So you are interested in moderating a writing stream? Excellent, you’re in the right place!
Our volunteer moderators are essential in making sure our events run smoothly and well for everyone. They support our streamers, keep the streams safe for everyone, report the statistics back for the event, and coordinate stream changeovers.
What You Are Signing Up For
What’s required of everyone who signs up to moderate:
Moderate your assigned writing stream for 2 hours
Connect with your streamer on Discord at least 15 minutes before your assigned stream is due to start
Stick to the schedule and let the admins know ASAP if you can’t make your moderation slot for any reason
Coordinate the hand-offs between streamers on either side of your slot
Coordinate with OHHOW admins and other mods to help things run smoothly
Take emergency measures when required
Each stream has 2 moderator slots available: Word Count Mod and Chat Engagement Mod. Their specific duties are listed below. This is to ensure that the tasks are covered easily, though mods are welcome to help each other out!
To sign up for a moderator slot, look for when the volunteer signups are open for the next event! Our schedule shows when the signups are open, and keep an eye on the announcements in the OHHOW Discord server for the link.
You will also be able to pick which streaming slot (or slots!) you want. Once we have all the volunteers signed up, the schedule is opened up for everyone to select a slot that suits their time zone and schedule. Keep an eye out on our Discord server for notifications so you know when to jump in and grab your slot.
Stream Timing and Requirements
Before the Event
Before the event, you need to:
Find out who your streamers are and follow them on Twitch (don’t worry, you can remove them after the event is over if you wish!)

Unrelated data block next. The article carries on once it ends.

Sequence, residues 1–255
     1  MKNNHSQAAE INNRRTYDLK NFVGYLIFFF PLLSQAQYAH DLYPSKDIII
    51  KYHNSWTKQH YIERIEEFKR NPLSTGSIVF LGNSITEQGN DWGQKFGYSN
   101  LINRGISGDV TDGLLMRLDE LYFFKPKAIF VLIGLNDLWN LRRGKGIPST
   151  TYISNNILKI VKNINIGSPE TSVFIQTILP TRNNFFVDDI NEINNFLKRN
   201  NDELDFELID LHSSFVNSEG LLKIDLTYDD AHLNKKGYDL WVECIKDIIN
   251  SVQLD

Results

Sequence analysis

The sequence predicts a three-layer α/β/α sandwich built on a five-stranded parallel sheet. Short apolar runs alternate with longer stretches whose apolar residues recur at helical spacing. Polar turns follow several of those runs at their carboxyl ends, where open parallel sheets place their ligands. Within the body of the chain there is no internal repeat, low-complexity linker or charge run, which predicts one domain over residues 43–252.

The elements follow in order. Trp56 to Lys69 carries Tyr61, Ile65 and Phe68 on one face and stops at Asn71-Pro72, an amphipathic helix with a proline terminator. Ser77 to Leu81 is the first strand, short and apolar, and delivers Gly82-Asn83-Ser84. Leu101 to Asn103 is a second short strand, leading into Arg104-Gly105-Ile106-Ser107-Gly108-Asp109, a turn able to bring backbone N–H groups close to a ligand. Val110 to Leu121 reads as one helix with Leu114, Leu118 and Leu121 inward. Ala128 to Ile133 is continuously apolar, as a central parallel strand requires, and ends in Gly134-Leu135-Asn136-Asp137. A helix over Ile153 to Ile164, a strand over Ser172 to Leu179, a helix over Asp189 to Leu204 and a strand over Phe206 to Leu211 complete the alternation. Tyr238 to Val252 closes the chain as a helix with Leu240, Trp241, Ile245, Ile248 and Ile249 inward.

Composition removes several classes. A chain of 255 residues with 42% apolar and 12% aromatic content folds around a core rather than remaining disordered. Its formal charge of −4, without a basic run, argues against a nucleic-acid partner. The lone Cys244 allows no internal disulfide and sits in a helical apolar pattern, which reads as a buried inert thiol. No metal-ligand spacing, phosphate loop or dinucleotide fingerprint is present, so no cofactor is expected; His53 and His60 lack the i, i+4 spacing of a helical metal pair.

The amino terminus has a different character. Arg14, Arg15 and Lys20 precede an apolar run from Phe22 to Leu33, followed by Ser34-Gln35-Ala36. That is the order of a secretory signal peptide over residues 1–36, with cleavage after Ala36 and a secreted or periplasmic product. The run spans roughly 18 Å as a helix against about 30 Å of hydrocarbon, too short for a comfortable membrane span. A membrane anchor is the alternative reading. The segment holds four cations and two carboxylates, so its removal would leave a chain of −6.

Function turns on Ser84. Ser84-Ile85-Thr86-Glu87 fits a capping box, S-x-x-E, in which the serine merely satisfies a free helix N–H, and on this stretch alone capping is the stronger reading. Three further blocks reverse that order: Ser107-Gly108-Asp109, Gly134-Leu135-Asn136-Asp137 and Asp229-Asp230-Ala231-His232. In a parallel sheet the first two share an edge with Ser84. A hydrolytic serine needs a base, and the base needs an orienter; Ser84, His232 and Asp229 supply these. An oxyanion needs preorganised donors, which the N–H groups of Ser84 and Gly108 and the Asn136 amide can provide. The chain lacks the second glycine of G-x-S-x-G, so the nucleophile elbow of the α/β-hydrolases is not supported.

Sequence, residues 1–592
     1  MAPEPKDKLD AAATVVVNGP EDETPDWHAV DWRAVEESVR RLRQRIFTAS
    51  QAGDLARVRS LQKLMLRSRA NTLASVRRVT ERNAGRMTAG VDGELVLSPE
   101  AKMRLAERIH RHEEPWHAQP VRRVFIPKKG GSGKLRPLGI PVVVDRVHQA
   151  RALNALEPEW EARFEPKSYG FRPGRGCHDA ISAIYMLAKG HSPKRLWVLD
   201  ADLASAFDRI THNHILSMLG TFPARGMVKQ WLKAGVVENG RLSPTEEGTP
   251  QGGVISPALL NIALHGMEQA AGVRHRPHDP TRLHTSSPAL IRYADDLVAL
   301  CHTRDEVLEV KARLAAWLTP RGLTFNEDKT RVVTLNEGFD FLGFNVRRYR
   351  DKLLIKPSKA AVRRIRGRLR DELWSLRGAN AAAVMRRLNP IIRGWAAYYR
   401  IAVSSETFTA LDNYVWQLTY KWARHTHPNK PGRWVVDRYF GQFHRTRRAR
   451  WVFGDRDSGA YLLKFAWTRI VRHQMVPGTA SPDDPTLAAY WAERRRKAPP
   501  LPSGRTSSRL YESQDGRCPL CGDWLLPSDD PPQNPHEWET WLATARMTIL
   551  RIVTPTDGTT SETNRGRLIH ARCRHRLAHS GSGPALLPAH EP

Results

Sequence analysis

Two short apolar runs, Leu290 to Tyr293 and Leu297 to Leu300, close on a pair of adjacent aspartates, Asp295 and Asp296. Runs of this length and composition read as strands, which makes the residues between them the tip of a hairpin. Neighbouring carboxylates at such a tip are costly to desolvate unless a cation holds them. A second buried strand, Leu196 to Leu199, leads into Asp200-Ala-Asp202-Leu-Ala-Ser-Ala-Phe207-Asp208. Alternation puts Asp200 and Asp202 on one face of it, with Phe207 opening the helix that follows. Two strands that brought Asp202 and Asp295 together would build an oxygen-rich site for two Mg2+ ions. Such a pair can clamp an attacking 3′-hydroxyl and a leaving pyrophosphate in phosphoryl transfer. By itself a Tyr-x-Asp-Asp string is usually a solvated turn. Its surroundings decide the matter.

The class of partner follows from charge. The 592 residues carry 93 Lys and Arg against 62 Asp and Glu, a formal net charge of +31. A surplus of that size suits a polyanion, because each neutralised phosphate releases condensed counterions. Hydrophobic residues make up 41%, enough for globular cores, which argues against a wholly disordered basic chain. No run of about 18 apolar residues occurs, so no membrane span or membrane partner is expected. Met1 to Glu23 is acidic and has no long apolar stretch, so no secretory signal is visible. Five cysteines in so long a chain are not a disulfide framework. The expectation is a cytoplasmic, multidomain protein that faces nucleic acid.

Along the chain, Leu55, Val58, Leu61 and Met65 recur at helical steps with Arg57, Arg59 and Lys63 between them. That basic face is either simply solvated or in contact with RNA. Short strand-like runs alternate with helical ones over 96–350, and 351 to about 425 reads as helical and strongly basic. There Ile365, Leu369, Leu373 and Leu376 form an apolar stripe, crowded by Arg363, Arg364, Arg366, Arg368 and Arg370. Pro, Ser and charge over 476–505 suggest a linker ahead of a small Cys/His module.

If a streamer doesn’t appear in the list, contact them and ask them to add you. Make sure you give them your Twitch account name.
Moderation in Action: Essentials
Here’s what you need to know about being a moderator for your slot:
All Mods: Emergency Measures
Things can happen to trip up a smooth streaming experience, and our moderators are there to help keep things running when something goes wrong.
If your streamer has trouble at any point during their time slot, you are expected to provide emergency support to help the streamer and the viewers. This means:
Contacting the on-duty admin to let them know what’s going on.
Communicating with the streamer to establish the situation and how soon the stream can get up and running.
Stepping in to the Twitch chat and engaging with the viewers. Get some conversation going to fill the gap and give the streamer some space to fix the issue.
Running a sprint to keep things moving while the streamer fixes the issue. This is really helpful if it may be more than a couple of minutes before the stream can get back online.
In extreme cases, we may need to ask a backup streamer to step into the gap. Work with the on-duty admin to coordinate this and smooth things along as much as possible.
Word Count Mod: Recording Writing Statistics